For our journey overnight from St Petersburg to Moscow, I wanted to travel on the Red Arrow train (Krasnaya Strelya), largely because it’s the only train I’ve ever heard of that has its own theme tune. As the train leaves, just before midnight, the stirring Hymn to the Great City (the anthem of Saint Petersburg) plays over the station’s tannoy system. In Soviet times, the Red Arrow transported the Communist Party elite between Moscow and the town formerly known as Leningrad. “Lenin travelled on this train to Leningrad and it has its own theme tune!” I said to my spouse. “Can a train get any better?” In fact a train could, because on the night we needed to travel, the Red Arrow had no available tickets. I sulked, sighed, then booked what turned out to be an equally enchanting (and much cheaper) experience on the beautiful blue Smena train, leaving slightly earlier.
The Smena began service in 1984, and was named in celebration of the 65th anniversary of the first publication of Smena, the official illustrated magazine for the Young Communist League. “Smena” translates variously as the “Rising Generation”, the “New Generation” or the “New Guard”. “This train is named for revolutionary youth!” I said to my spouse. “Can a train get any better?” We might never have known as the various byways of the bustling Moskovskaya Station threatened to defeat us. Luckily, we eventually found someone helpful who deigned to look at our e-tickets and point us to the right office where we could exchange them for the real ones (much checking of dates, times, passports and visas required). Ceremonials done, our provodnik (steward) welcomed us onto the firmeny (the word signifies a top quality long-distance train), posted us into a cute sleeping car, and delivered us a snack and breakfast menu. And what would we like to drink? Tea? Coffee? Vodka? The Smena is the only train ticket I’ve ever bought that included a (miniature) bottle of vodka. The ticket wasn’t expensive, even before the vodka. “It’s cheaper than the Red Arrow and it has free vodka!” I said to my spouse. “Can a train get any better?”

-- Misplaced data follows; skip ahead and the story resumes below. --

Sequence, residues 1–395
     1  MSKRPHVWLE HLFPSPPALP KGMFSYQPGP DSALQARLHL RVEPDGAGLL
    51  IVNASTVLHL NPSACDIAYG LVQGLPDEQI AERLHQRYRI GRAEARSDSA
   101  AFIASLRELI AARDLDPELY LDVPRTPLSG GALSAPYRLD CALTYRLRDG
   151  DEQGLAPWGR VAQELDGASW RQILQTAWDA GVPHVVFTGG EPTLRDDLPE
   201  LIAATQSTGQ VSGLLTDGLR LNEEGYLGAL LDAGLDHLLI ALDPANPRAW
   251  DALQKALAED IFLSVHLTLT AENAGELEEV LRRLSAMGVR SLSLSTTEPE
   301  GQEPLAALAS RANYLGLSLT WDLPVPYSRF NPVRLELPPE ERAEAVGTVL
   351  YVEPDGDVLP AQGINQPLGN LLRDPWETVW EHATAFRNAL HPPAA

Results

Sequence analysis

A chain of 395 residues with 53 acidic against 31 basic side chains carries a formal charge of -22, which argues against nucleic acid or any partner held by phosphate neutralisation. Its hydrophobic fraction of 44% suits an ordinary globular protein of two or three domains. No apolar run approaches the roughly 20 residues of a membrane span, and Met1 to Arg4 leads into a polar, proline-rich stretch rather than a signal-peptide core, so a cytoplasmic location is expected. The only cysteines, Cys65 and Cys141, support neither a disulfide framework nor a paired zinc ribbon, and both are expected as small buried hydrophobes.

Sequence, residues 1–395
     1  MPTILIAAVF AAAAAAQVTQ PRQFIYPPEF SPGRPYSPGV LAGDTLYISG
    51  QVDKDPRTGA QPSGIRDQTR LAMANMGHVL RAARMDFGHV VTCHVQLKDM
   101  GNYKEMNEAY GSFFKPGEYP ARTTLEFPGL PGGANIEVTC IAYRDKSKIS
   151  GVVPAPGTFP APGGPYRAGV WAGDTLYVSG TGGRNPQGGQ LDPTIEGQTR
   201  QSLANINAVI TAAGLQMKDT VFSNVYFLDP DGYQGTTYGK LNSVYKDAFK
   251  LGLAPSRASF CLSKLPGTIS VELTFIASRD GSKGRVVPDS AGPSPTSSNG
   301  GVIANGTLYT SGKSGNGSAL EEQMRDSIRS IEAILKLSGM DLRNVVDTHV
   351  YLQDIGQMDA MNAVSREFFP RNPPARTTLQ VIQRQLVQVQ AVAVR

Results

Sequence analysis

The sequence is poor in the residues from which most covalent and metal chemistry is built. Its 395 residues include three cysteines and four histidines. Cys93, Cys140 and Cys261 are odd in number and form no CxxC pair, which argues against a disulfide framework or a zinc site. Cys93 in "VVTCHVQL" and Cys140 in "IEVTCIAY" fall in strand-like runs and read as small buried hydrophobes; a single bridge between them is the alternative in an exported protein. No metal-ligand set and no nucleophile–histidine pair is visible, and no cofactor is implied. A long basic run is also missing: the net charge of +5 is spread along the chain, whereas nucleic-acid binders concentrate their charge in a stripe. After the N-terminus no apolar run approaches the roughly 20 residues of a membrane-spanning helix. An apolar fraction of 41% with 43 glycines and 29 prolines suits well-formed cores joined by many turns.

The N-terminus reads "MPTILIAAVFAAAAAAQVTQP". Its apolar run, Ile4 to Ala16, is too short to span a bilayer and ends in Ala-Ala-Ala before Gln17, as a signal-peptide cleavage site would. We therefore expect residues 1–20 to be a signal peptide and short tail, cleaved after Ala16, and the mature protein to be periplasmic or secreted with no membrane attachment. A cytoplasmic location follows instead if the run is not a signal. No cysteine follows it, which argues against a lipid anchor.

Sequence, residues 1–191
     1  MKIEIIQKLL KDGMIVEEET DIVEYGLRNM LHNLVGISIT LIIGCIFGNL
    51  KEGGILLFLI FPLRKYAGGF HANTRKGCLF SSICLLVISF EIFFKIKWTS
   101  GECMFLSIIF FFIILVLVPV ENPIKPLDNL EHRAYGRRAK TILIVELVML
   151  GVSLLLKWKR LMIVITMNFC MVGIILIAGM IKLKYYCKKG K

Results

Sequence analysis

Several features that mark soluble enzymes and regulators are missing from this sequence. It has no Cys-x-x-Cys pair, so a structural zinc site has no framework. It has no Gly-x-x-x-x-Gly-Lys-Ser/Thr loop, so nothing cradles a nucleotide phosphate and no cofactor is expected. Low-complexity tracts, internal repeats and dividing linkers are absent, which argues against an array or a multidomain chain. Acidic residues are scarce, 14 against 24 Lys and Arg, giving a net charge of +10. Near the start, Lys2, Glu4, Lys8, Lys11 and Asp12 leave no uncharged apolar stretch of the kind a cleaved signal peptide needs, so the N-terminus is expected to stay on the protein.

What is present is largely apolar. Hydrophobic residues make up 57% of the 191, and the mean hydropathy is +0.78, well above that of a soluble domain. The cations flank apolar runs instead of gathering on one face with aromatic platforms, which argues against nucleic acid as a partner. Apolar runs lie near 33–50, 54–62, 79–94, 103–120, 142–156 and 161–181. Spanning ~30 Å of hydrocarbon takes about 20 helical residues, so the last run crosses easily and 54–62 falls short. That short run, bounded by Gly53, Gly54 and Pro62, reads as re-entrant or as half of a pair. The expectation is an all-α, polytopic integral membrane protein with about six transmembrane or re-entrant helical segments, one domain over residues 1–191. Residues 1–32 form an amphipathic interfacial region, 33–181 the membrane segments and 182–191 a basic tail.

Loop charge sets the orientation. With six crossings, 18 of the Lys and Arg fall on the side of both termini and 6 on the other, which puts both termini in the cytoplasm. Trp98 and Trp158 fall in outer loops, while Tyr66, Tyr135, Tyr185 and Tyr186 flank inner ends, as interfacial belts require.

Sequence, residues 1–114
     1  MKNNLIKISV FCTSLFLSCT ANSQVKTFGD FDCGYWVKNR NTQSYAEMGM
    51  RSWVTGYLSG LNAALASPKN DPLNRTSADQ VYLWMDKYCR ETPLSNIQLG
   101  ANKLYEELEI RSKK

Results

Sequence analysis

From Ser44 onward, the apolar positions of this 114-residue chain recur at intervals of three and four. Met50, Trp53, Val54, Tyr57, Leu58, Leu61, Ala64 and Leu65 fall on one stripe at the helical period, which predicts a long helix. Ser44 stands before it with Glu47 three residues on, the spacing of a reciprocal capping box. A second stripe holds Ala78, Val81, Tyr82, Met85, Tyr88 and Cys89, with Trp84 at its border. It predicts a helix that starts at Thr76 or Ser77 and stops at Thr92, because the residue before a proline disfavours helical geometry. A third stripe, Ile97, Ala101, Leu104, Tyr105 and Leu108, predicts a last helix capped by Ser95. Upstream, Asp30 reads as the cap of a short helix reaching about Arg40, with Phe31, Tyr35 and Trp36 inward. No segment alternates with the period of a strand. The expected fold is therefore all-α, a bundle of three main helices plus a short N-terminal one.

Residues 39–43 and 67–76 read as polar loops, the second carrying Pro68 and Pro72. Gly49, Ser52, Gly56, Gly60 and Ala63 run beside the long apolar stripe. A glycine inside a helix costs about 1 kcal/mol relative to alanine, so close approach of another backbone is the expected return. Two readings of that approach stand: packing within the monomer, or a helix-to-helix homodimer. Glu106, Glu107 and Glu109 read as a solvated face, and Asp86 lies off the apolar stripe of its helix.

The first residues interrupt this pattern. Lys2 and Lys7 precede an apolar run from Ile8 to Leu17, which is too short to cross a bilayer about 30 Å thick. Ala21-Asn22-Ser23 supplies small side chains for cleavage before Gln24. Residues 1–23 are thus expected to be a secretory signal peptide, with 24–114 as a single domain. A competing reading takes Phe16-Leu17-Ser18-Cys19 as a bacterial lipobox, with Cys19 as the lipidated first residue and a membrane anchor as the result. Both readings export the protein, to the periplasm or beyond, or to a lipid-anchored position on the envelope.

He found it hard to sleep, as the train bumped its way across the country and in and out of sidings for around eight hours through the night, but I slept perfectly. Must have been the vodka.
PS: The Hymn to the Great City is from the ballet, The Bronze Horseman, by Reinhold Glière. It was first performed at the Kirov in 1949 and won a Stalin Prize (first class). The music memorialises the heroic defence of the people in the Siege of Leningrad (now again St Petersburg). You can hear it here. Shostakovich hated hearing it, apparently, according to his Testimony.